Disability insurance can be the key to protecting your assets if you have a car accident or a serious illness. If you have people who depend on your salary – it’s a must.
Working Men: Believe it or not a male age 35 has a 32% chance of disability.
Women: The statistics show that a female age 35 has an over 52% chance of becoming disabled for at least 90 days prior to age 65. That’s over half of all females. So that’s why Disability Insurance is so important for both men AND women.
Head of Households: if you are the major breadwinner in your family, you need Disability Insurance. For example, a 35 year old making $150,000 today will earn over $7.1 million dollars during their working career up to age 65. Should an injury or illness occur, where will money come from to help pay for ongoing mortgage, car, and ongoing expenses?
Employees with a Group Long Term Disability Plan: Most employers will offer or provide a Group Long Term Disability plan (GROUP LTD). The typical structure is designed to pay 60% of your pre-disability income to a maximum of $5,000 or $10,000/month. If we look at the $5,000 monthly cap, that means that anyone who is earning more than roughly $8,000/month in gross earnings will be limited to $5,000 of income. If you are one who is limited by this type of monthly cap, you could be well underinsured…suppose you are earning $12,000/month and are capped at $5,000? With 60% of your $12,000 equal to $7200/month but capped at $5,000, you are in the hole $2,200 per month. That might be the difference in car or equity line payments or other ongoing obligations.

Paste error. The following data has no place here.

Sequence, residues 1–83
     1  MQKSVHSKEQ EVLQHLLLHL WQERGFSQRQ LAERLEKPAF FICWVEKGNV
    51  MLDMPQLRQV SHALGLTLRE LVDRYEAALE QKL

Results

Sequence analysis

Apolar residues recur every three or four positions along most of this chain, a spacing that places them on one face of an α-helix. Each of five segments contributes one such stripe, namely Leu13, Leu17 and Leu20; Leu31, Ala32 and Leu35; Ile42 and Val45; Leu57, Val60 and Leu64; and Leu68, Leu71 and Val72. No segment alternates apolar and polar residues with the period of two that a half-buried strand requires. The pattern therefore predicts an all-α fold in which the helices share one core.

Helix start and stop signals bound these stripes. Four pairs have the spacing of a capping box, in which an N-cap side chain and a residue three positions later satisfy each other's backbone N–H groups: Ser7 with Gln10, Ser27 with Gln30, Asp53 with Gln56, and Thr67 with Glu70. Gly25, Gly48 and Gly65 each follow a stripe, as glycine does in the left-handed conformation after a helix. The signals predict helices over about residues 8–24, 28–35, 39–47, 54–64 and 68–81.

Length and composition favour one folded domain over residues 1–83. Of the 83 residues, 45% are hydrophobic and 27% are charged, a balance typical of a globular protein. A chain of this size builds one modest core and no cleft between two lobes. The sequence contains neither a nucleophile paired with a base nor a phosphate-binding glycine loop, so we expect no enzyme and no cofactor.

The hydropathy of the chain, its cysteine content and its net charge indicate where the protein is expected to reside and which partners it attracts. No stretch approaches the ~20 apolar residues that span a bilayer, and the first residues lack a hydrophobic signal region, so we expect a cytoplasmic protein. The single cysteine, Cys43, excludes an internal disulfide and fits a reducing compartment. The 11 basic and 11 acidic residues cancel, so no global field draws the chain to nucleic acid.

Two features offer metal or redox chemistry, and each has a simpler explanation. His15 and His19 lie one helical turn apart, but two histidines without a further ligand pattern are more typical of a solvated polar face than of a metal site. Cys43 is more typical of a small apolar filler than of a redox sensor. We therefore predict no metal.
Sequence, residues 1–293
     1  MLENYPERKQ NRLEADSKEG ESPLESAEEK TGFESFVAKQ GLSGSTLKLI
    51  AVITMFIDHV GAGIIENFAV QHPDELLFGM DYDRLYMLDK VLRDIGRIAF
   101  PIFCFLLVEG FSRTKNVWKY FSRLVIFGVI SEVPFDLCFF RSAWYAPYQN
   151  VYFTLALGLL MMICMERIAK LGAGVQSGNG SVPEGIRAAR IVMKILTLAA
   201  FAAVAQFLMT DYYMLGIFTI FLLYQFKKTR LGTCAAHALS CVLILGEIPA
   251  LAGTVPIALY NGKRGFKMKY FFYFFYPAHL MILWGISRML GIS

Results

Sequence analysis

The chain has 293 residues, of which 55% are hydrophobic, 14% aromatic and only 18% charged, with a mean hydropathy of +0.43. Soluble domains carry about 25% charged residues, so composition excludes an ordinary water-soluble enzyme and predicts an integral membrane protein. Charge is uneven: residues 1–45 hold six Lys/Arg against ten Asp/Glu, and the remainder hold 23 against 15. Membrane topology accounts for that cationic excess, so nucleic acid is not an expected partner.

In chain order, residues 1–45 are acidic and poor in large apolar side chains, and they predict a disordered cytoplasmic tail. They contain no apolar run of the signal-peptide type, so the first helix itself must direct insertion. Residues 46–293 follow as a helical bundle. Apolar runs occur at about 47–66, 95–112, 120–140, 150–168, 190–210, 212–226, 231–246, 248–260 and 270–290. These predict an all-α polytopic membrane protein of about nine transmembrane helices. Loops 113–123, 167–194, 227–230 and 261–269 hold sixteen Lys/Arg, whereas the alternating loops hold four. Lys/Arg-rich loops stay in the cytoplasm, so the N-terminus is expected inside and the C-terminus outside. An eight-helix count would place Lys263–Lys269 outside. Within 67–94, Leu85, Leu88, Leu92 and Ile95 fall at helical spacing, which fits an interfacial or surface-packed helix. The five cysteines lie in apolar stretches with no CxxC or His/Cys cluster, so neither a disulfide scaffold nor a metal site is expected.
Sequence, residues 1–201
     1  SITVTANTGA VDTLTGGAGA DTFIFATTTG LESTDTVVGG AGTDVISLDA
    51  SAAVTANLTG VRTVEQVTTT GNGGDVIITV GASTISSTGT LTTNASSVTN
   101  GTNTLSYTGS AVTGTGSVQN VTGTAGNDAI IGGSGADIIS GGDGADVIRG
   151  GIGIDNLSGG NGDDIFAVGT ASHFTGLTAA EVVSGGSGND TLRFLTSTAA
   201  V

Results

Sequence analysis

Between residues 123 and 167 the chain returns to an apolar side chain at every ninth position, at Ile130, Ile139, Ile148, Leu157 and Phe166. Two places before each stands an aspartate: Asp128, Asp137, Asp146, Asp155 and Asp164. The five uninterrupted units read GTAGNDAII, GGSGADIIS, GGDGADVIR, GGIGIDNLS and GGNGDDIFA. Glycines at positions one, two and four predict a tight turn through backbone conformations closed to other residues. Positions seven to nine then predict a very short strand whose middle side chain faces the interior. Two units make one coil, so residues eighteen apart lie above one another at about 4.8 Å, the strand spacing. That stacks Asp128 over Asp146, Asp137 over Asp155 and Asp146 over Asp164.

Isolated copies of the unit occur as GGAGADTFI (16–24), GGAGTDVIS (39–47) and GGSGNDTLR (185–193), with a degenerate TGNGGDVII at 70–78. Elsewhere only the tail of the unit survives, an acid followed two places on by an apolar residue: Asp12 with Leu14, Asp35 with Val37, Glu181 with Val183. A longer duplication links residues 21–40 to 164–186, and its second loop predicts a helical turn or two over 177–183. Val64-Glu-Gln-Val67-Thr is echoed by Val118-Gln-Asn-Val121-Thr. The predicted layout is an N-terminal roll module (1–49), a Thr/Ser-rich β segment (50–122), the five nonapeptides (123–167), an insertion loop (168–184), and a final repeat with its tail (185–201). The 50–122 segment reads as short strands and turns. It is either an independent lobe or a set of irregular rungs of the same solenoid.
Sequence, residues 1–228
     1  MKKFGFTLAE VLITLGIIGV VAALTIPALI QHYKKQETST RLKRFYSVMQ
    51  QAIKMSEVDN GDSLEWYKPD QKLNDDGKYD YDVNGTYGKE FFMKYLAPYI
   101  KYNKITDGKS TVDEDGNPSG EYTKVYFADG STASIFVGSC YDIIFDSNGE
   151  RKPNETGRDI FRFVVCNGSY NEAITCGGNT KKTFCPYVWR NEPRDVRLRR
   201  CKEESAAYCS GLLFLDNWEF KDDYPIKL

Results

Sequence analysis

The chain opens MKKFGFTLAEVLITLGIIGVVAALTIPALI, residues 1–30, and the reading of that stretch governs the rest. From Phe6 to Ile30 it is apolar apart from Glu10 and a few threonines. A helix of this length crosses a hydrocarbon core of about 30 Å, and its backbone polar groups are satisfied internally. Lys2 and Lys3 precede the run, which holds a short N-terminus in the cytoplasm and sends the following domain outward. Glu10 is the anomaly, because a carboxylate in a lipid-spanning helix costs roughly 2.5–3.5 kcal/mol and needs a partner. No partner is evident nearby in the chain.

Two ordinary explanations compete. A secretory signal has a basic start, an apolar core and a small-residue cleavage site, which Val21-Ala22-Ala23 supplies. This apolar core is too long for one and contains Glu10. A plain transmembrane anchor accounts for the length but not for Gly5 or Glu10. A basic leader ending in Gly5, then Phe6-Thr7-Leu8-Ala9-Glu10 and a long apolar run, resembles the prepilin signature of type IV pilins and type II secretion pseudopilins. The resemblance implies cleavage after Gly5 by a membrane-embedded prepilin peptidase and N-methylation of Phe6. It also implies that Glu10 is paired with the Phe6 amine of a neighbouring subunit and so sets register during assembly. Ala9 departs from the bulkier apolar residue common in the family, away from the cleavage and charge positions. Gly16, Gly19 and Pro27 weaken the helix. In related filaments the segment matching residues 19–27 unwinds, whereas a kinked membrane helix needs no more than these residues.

Here’s what’s worse…since most employers pay for the Group LTD plan and deduct the premiums as a business expense, any benefit received will be taxable as ordinary income to the recipient. So, if we use the example of the above individual earning $12,000/month gross, not only do they lose the difference between the $5,000 monthly cap and their 60% replacement of $7,200, the $5,000 will be taxed leaving the disabled employee with somewhere close to $3000/month net…this is hardly reflective of the pre-disability $12,000 monthly income.
The real key in this planning area is to ask questions…ask if your company provides a Group LTD plan; ask what the monthly cap is; ask what percentage of lost income it replaces, i.e. 60% or 66/23%. Then, we need to look at your income and see how much of a taxable loss there might be and also how much additional protection you can obtain from an individual supplemental plan so that your full working income is protected.